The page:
Members of the University of
Chicago delegation were espec-
See MEETING, Page 10
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Woman cadet
Military co-ed Deborah Carpenter will have to come back next year
if she wants her ROTC promotion, She is the only co-ed at the Uni-
versity of Toledo enrolled in ROTC and the commander of the uni-
versity's program said successful freshman cadets normally receive
promotions at the start of their second year. Carpenter has no plans
to take military science next year.
esearch committee
delays for-mal report

Gov. Reubin Askew put 50 Na-
tional Guard troops on standby
alert in Jacksonville last night
where 166 young blacks have
been arrested in two nights of
racial rioting.
The shooting death of 15 year-
old Ray Hall by a white police-
man earlier in the week, was
credited with touching off the
racial conflict.
Since then at least one black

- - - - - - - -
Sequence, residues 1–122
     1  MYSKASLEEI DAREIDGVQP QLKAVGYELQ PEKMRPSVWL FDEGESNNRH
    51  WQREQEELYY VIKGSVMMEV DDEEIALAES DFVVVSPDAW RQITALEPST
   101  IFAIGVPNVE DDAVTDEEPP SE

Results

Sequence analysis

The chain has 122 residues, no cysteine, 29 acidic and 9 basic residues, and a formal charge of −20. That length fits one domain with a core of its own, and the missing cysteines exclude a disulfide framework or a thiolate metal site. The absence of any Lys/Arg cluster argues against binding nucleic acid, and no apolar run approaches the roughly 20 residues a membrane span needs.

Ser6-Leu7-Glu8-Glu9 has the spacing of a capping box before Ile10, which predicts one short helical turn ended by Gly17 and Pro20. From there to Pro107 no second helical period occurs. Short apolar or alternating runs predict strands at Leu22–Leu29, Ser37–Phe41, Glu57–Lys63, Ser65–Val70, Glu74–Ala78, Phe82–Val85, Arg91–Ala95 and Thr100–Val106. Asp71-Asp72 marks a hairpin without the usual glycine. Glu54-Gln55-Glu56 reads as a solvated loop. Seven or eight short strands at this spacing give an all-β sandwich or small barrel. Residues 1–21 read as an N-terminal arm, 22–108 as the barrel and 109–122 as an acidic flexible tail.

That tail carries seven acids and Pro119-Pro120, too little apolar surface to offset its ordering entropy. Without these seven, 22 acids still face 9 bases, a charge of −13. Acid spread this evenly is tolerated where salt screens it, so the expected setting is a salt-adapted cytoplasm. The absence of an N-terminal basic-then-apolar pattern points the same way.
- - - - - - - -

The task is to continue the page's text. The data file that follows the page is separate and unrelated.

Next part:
youth has been shot in an en-
counter with police, and several
persons have been injured, in-
cluding two policemen hit by
Askew's press secretary Don
Pride said the governor called
out the guard after receiving a
request for help from Jackson-
ville Mayor Hans Tanzler and
Duval County Sheriff Dale Car-
By late yesterday the troops
were in uniform at three Guard
centers in the city but had not
been summoned to help some 500

police officers patroling the riot-
troubled section.
Community relations officers
dispersed several street corner
gatherings of young blacks last
night with only one looting in-
cident reported.
Courthouse sources said the
possibility of a curfew was dis-
cussed by city officials, but no
final decision was made to im-
pose one.
City police and sheriff's dep-
uties were reinforced by a spec-
ial unit of the Florida Highway
Patrol operating "the monster,"
a huge armor-plated anti-riot
Utilized in'the Thursday night
disturbances, it spewed huge
streams of tear gas and suc-
ceeded in clearing rioters from
several trouble spots.
The riot, which has done an
estimated $250,000 p e r so n a I
property damage, is the third